Shooting With My New “Non-Pro” Camera

August 31, 2015 § 2 Comments

"Glassware"

“Glassware”

I went out and bought a new camera…a Sony a6000.  It’s the 1st time in over 30 years that I used anything but Nikon as far as “small” cameras are concerned.  I’ve shot pictures with my Samsung Galaxy 5, but I still consider that a phone with the ability to shoot pictures.  I know that sounds confusing, but that’s how I feel.  I also shot with a Hassleblad and a Toyo 4×5 and a Toyo 8×10 back in “the old days”, but small always meant Nikon.  I bought the Sony as a small “run around” camera, but after seeing it had 24mp, 11 frames/second, and supposedly the fastest auto-focus of any camera, I decided to try it out in the studio.  I don’t want to turn this into a camera review…there’s a ton of those on the web, but I was very highly impressed!  I decided to shoot some still life images, and here’s how I did it.  No studio lights and no tripod.  I set the camera to manual, and hand held it at 800 iso.  For the glassware shots, I leaned on a ladder and shot the glassware as they were, on a shelf.  I’m including a shot I took of my sound system so you can see the glassware on the shelf in the upper left.  I did move the glassware forward into the shaft of sunlight coming in the window.  For the wooden kitchen utensils, I shot them as they were on my storage shelf.  I did place a cutting board behind as a background.  The peaches and toy blocks were shot on a piece of black formica on my floor in front of my large north facing window.  I put the camera on auto bracket and burst mode.  This camera fires so fast that I was sure to get something usable from each set-up.  If I was fortunate to get a couple of brackets that aligned perfectly…and I did, I could use exposure blending in PS.  The only image where I used HDR, was the 2nd glassware image, and I purposely used a “painterly” effect…not sure I like it, but thought it was worth a try.  My title refers to “Non-Pro”.  That’s really a “tongue in cheek” comment as I believe someone could shoot with the most expensive equipment available and still be a hack, while others can use anything and turn out beautiful high quality “professional” if you will, images.  I once saw Terry Richardson shoot a spread for Vogue or Harper’s using a point and shoot…so I guess there’s hope for me and my little toy camera!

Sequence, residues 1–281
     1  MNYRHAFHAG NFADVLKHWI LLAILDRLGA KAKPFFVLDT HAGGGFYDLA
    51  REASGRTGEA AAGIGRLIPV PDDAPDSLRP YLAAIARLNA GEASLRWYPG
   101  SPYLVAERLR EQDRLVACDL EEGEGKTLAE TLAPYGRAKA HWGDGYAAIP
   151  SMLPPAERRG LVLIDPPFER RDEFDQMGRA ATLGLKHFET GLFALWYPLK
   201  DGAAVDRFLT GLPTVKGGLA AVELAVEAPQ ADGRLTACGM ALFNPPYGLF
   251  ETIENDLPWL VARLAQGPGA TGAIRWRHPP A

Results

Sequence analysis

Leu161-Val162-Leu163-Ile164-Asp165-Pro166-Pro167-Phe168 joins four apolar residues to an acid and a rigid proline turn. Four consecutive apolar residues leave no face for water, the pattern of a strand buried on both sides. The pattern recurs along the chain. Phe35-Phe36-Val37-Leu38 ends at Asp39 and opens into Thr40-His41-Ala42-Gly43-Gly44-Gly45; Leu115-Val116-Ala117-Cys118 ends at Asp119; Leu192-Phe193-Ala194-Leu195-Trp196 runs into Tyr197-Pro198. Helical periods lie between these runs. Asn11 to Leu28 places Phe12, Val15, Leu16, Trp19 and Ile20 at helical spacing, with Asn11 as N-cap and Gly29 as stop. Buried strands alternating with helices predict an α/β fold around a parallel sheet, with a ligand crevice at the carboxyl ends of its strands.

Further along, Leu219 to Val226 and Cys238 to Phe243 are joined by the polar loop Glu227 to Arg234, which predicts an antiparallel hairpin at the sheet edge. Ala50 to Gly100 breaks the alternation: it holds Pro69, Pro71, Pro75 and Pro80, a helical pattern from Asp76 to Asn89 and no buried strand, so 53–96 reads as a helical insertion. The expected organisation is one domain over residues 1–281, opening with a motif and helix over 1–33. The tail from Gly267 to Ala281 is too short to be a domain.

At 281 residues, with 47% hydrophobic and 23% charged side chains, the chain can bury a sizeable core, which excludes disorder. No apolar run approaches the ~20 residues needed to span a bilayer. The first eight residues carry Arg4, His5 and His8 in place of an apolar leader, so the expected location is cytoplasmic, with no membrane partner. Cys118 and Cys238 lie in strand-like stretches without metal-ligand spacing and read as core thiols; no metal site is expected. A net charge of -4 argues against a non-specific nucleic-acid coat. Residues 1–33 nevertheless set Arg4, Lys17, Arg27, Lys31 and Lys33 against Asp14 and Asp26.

"HDR Glassware"

“HDR Glassware”

"Bottles"

“Bottles”

"Glassware BTS"

“Glassware BTS”

"Peaches BTS"

“Peaches BTS”

"Peaches"

“Peaches”

"Peaches 2"

“Peaches 2”

"Wooden Kitchen Utensils"

“Wooden Kitchen Utensils”

"Toy Blocks"

“Toy Blocks”

Thanks for looking!

 

 

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§ 2 Responses to Shooting With My New “Non-Pro” Camera

  • Mark Gilvey says:

    I commend you on your selection. I to am a Nikon D810 user and my friends keep complaining to me that I don’t use it enough and it must make a nice doorstop. I did the same thing as you but decided that I didn’t want to have another “system” with another set of lenses to carry around. So I purchased the Sony RX100m3. The camera opened all new doors for me because I like to shoot street photography when I’m not doing commercial work with my Nikon. I don’t know how small the a6000 is but the RM100m3 was exactly what I needed to be able to photograph discreetly as to not upset the moment. I can stand in front of you and knock off 20 shots and you’ll never know it.

    The lens is tack sharp and I’ve worked out a way to use it’s builtin tiny flash to trigger off camera flash units and not overpower the subject with the on-camera flash. I’ve written about how this camera is a great “Pro” camera on my website and a separate article in Adobe Slate on how to hold it. Google Mark Gilvey Fine Art Photo if you are interested, I’ll leave the link out.

    I’m sure you are also excited about the ways you can get your images to your computer as well. I am. Without connecting my computer or pulling the SD card out of the camera, I can send the photos to a specified folder.

    The only thing that’s got me is the video files. I guess I may need something for Premiere Pro or After Effects to make them more friendly.

    I almost purchased the camera you have. I probably saw the same videos as you; there was one with two guys photographing surfers; very impressive! But in the end it came down to if I wanted more lenses or not and I really don’t, at least not now. That said, I’m now in the Sony ecosystem so who knows.

    Great post! I’m just excited about the new camera as you are and for the same reasons.

    • Mark, the a6000 may be a little bigger, but it’s really small. Plus, I always had a battery pack attached to my Nikons for the extra bulk, but I’m getting used to this little thing real quick! I have 2 zoom lenses…the kit lenses. My Nikon lenses were the top of the line when I bought them 30 yrs. ago, but to my way of thinking, with all of todays technology, the kit lenses of today have to be as sharp as my 30 yr. old lenses. I may be wrong, but to my eye, these images are really sharp. Like I said in my blog, I hand held all of those shots at 800 iso. Also, being mirror less means that there’s no mirror flapping away when you press the shutter release. Also, you can get a cheap adaptor for your Nikon lenses. I think you’ll lose the auto focus. There are expensive adaptors that run around $400, but I’m not sure what you get for the extra money. I was hoping to save up for a D750, but I’m so happy with this Sony. As a matter of fact, if I win the lottery (:D), I’ll buy the full frame Sony’s and some zeiss lenses! I will google you today…thanks!

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